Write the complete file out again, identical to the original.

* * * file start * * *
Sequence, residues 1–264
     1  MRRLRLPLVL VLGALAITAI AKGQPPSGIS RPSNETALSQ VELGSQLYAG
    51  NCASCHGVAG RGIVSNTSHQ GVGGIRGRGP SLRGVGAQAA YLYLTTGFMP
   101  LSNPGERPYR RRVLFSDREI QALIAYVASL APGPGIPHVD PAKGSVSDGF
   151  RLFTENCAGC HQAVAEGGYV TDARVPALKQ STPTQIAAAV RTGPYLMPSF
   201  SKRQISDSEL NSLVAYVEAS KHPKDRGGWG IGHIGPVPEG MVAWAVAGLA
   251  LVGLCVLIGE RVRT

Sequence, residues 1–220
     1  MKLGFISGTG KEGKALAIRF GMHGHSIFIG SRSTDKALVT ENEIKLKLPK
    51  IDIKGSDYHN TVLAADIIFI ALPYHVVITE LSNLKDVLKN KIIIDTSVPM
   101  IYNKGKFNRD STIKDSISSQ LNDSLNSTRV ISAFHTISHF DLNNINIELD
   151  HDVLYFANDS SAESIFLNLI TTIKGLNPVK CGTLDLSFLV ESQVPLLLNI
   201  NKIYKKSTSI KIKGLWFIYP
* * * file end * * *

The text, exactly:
Sequence, residues 1–264
     1  MRRLRLPLVL VLGALAITAI AKGQPPSGIS RPSNETALSQ VELGSQLYAG
    51  NCASCHGVAG RGIVSNTSHQ GVGGIRGRGP SLRGVGAQAA YLYLTTGFMP
   101  LSNPGERPYR RRVLFSDREI QALIAYVASL APGPGIPHVD PAKGSVSDGF
   151  RLFTENCAGC HQAVAEGGYV TDARVPALKQ STPTQIAAAV RTGPYLMPSF
   201  SKRQISDSEL NSLVAYVEAS KHPKDRGGWG IGHIGPVPEG MVAWAVAGLA
   251  LVGLCVLIGE RVRT

Sequence, residues 1–220
     1  MKLGFISGTG KEGKALAIRF GMHGHSIFIG SRSTDKALVT ENEIKLKLPK
    51  IDIKGSDYHN TVLAADIIFI ALPYHVVITE LSNLKDVLKN KIIIDTSVPM
   101  IYNKGKFNRD STIKDSISSQ LNDSLNSTRV ISAFHTISHF DLNNINIELD
   151  HDVLYFANDS SAESIFLNLI TTIKGLNPVK CGTLDLSFLV ESQVPLLLNI
   201  NKIYKKSTSI KIKGLWFIYP